The D.C. Councilmember has put out a call for Ward 2 residents to claim up to two free tickets for an upcoming game between the Nationals and the Atlanta Braves on Sept. 3 at 7:05 p.m.

The tickets will be given away on a first-come-first-serve basis, says Sherri Kimbel, the councilmember’s director of constituent services. Kimbel adds her office plans to give away about 100 tickets.

Ward 2 residents interested in picking up a pair of free tickets should call 202-724-8058 or email Amorde Brabham at [email protected].

by Daniel Levitt July 29, 2015 at 1:30 pm 0

Image via Litter Free DC

D.C. residents can ask members of the Department of Public Works and Metropolitan Police Department questions about keeping the District litter free from the comfort of their computers.

A live webcast will take place on the DPW’s website tomorrow from noon to 1 p.m.

Residents can submit questions to the DPW’s Interim Director Chris Shorter as well as a representative from the MPD’s Litter Enforcement team, as part of the DPW’s Litter Free D.C. campaign.

As the name implies, Litter Free D.C. is a program sponsored by the DPW that aims to eliminate litter from streets in the city.

Future DPW webcasts will cover graffiti, leaf collection, recycling and parking, said DPW Public Affairs Specialist Nancee Lyons.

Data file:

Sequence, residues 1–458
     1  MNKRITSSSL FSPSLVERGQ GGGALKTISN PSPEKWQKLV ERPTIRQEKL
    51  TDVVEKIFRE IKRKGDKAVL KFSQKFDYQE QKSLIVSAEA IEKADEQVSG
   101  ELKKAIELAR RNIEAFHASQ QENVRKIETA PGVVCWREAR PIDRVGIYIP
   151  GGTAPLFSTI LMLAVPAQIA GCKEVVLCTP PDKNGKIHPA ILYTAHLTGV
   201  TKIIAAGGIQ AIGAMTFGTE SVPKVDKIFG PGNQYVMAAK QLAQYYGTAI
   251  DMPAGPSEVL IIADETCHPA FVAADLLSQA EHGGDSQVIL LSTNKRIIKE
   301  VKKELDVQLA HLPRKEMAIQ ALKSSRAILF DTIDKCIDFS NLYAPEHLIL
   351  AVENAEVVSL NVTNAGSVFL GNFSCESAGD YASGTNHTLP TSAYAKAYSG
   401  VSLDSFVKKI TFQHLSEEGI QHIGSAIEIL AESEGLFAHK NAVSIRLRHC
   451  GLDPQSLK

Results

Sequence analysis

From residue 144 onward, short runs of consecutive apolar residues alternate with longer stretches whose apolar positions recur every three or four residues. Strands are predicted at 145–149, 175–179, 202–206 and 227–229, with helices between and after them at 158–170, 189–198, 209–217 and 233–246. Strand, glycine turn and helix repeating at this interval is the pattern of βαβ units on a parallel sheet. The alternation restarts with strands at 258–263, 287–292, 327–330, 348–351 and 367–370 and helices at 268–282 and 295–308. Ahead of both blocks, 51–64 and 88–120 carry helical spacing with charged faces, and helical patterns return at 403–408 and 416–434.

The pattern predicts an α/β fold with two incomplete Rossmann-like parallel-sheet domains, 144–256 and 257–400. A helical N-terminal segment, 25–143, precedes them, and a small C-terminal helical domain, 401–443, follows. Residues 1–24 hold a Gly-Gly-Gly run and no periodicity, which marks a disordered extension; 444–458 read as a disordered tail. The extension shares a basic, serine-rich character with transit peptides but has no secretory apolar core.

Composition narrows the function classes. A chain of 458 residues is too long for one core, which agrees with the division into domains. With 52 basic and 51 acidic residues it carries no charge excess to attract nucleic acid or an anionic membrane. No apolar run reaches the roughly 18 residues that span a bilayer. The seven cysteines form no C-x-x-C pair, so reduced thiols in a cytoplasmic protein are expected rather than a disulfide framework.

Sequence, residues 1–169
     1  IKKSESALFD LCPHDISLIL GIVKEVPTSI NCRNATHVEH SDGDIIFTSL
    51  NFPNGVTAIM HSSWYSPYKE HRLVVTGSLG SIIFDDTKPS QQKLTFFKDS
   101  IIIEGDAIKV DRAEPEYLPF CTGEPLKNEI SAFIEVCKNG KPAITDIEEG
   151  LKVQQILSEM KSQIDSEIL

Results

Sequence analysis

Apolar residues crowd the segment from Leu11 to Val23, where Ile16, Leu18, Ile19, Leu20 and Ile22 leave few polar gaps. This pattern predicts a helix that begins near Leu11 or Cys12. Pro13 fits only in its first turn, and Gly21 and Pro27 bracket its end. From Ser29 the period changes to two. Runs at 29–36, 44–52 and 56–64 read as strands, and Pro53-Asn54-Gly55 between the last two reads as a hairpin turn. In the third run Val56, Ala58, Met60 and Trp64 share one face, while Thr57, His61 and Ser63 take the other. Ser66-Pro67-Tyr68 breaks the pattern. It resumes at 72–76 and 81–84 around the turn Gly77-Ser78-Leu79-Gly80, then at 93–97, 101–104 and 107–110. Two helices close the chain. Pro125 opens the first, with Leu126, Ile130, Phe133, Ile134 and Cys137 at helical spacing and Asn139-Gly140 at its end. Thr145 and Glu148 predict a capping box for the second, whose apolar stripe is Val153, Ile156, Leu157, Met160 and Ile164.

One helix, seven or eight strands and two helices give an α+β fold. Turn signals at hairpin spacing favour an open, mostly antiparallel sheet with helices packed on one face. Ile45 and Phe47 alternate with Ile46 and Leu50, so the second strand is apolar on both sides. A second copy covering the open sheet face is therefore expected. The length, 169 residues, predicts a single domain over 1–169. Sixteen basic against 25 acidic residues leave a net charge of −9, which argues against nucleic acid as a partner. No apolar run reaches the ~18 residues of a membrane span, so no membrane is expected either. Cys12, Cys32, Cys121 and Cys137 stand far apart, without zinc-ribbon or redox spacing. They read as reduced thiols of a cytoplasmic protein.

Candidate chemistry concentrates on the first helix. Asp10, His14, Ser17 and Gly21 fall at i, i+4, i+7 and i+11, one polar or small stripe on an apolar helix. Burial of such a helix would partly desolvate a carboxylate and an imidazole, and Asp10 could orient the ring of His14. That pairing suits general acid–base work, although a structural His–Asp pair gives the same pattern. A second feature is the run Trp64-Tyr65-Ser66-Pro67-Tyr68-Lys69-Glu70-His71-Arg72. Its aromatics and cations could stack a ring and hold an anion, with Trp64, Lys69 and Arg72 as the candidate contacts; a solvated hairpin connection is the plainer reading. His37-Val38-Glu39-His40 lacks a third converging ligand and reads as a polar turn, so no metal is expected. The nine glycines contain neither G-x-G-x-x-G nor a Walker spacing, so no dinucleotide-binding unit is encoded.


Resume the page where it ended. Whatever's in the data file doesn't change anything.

“We’re always open for topic ideas and encourage residents to let us know what they would like to discuss,” Lyons said.

More information can be found can be found on the DPW website.

Image via Litter Free DC

by Jared Holt July 27, 2015 at 11:30 am 0

The Beach

Ward 2 residents can frolic in a giant ball pit for free tomorrow morning.

From 9 to 11 a.m., residents of Councilmember Jack Evans’ ward can freely enter The BEACH, a National Building Museum (401 F Street NW) exhibit with nearly one million translucent plastic balls and a “shoreline” decked with beach chairs and tables.

Visitors are welcome to dive into the massive ball pit, play beach games like paddleball and bring a book to read in the beach furniture.

Attendees must show a valid form of I.D. at the admissions desk to enter the BEACH. Visitors must use the F Street entrance between 5th and 6th streets.

The event is part of the museum’s Ward Days series.

Photo via Flickr.com/NationalBuildingMuseum

by Borderstan.com December 6, 2012 at 10:00 am 1,216 0